Garmin Forerunner 405/405cx vs Polar RS800cx G3
A while back I read a Garmin Forerunner 405/405cx review which was pro- the device. This text was intended as a comment on that review, but grew a bit out of hand for a comment. Here first a few words on the Garmin – just for context. Garmin, the word is yours:
“The Forerunner 405/405CX is the evolution of GPS-enabled training. This sleek sport watch tracks your distance, pace and heart rate, then wirelessly sends the data to your PC for later analysis. The 405CX features heart rate-based calorie computation and comes with a second wrist band option suitable for smaller wrists”.
For a comparison on the Garmin Forerunner 405 and the 405CX I suggest you go here:
Now, while all that Garmin marketing and the products themselves certainly do make you think about how you can use one of them in your training, there are a few things that should make you think twice. For instance the battery life of Garmin 405/405CX is not impressive and will require frequent charging. If you go somewhere far away for training or competition, do you really want to have to worry about charging your heart rate monitor too?
If you compare the Garmin 405 to the Polar RS800CX with G3 (GPS) sensor – the premium product from Finnish company Polar you’ll find both pros and cons for both. Let’s start with some of the Polar’s weak points:
- too many devices: heart rate band, wrist unit, GPS-unit;
- since recently: the Polar is a very closed platform with no current options of exporting Polar data to other platforms – although I haven’t tested it, the Garmin does offer export to Endomondo and other tools that allow for mapping and sharing of training routes and data through various social networks.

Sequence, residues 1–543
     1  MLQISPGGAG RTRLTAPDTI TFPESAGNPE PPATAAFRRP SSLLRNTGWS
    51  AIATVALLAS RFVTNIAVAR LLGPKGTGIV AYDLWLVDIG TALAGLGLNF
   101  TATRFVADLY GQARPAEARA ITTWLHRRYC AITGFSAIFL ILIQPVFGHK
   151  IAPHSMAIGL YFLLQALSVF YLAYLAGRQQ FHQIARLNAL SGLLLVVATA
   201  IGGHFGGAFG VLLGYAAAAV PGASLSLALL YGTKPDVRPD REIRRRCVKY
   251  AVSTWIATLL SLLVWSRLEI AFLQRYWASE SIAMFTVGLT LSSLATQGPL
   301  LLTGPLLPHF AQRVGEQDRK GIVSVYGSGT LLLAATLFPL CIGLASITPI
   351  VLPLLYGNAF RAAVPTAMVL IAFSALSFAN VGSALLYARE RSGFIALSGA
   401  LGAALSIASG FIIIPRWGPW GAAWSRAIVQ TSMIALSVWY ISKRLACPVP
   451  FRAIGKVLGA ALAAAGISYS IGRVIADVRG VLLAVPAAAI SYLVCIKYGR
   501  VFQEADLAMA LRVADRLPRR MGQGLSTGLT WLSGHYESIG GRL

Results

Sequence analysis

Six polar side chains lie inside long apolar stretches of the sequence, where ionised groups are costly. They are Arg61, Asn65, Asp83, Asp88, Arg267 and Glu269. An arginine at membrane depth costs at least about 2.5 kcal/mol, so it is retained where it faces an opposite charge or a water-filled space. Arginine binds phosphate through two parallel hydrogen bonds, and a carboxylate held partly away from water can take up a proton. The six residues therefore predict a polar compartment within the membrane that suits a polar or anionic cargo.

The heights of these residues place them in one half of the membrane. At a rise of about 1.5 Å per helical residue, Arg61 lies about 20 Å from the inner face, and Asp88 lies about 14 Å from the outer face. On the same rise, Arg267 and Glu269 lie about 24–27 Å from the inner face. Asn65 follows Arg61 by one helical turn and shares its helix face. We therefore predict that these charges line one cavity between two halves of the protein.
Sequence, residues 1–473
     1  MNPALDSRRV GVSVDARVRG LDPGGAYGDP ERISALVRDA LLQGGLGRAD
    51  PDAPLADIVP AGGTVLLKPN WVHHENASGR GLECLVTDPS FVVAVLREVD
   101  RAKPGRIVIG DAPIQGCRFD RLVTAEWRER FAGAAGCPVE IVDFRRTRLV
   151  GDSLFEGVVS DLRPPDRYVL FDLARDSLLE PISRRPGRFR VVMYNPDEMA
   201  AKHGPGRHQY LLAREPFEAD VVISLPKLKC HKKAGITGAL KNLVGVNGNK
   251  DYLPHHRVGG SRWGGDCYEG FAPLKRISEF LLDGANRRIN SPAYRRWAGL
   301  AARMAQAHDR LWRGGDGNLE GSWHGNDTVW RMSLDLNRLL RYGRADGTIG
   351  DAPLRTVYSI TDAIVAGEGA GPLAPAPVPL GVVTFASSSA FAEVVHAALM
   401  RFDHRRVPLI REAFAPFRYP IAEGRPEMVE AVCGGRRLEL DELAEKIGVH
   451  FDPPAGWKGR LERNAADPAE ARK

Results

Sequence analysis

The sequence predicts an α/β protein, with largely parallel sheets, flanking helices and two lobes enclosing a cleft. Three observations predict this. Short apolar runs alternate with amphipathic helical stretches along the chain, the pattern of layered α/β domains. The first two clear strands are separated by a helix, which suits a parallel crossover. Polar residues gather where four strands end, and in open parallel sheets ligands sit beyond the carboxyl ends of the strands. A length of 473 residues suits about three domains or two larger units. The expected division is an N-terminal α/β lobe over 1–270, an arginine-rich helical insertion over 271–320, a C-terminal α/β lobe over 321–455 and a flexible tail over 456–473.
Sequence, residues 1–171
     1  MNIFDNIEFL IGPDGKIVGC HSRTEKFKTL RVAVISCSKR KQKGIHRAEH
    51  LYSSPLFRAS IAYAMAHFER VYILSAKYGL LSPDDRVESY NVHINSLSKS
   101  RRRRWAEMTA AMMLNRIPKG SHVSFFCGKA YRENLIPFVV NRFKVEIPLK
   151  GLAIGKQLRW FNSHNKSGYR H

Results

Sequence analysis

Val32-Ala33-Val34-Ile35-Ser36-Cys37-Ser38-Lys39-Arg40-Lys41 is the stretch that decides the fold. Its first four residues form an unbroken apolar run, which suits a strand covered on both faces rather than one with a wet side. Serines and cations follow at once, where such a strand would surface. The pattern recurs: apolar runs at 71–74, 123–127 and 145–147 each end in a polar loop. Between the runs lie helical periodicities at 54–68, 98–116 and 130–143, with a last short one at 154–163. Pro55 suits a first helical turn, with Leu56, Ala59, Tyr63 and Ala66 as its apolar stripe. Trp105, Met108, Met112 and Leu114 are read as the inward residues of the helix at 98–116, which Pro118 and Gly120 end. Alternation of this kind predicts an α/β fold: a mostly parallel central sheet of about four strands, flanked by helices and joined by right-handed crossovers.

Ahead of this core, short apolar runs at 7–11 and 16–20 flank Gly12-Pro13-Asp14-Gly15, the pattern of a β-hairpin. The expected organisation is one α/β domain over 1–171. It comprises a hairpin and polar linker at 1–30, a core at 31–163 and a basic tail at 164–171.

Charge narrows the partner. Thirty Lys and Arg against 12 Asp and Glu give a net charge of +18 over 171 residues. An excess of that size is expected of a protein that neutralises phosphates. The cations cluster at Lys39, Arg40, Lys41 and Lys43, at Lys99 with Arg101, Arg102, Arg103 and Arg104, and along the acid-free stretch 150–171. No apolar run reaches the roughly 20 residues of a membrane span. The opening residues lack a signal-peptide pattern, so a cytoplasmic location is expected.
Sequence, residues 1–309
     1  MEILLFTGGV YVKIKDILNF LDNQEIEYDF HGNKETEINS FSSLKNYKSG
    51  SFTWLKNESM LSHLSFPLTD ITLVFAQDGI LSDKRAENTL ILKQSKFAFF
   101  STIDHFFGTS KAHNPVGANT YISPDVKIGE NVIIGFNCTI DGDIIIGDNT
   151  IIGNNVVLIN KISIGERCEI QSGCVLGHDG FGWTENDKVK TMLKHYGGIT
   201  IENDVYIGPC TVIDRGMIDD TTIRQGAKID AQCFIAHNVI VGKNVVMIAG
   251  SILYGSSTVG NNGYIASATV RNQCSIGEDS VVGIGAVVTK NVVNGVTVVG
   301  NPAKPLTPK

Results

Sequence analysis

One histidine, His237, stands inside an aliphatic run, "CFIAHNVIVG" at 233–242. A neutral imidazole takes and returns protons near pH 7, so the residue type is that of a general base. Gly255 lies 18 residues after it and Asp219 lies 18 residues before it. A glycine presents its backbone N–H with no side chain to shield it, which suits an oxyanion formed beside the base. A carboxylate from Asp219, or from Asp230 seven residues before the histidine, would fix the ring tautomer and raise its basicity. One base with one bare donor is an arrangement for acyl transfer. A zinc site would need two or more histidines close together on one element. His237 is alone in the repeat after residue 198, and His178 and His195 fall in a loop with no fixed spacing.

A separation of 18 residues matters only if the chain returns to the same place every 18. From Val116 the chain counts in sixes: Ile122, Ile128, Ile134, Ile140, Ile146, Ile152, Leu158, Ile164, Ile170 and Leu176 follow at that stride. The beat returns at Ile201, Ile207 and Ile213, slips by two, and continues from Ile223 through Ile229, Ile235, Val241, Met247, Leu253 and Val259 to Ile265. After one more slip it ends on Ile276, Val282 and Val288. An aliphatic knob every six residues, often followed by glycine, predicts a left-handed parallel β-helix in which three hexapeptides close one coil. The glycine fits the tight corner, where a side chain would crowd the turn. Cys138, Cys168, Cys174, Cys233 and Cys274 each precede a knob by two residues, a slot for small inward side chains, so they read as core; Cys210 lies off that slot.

The advantages of Polar vs Garmin are:
- The disadvantage for the Polar can also be turned against the Garmin: More devices in the Polar solution also ensures that if for instance the GPS runs out of battery during training you will still get heart rate data for the remaining session. Not so with the Garmin where it’s all lights out if the wrist unit dies. Furthermore the Polar’s battery will take you MUCH further than the Garmin battery – probably because the battery doesn’t need to support the same amount of functions.
- Final comment on the battery: Battery change with the Polar doesn’t happen often, is easy, and relatively cheap.
- Soft heart rate strap on the Polar. With the Garmin the heart rate strap is hard and a soft is only available for an additional $70.
I’m missing more information on social network integration. The Polar is completely unfit for any type of social network interaction. The Garmin has an own network with a few shortfalls, but more importantly allows exporting training files to services external to Garmin.
Conclusion: For me Polar wins this battle. The shortcomings in the Garmin package are a source of irritation if experienced while training. I have a feeling that I might find myself without battery really often.
Still, one has to often if Polar is fighting the right battles. Presumably the consumer market is where they get most of their money and they might want to watch it more closely and avoid what has happened to the Navigation device manufacturers: Mobile devices with minor additions grabbing market share with free software.
It’s happening in the training device market already: mobile devices from Apple, Nokia, HTC and more now include GPS for positioning and speed data, software for the tracking and uploading, and finally all they need is a 3rd party bluetooth heart rate monitor and off you go. I’m not aware of any heart rate straps that will do the trick, but as soon as they come out, Polar should get worried.
More about that in a future post.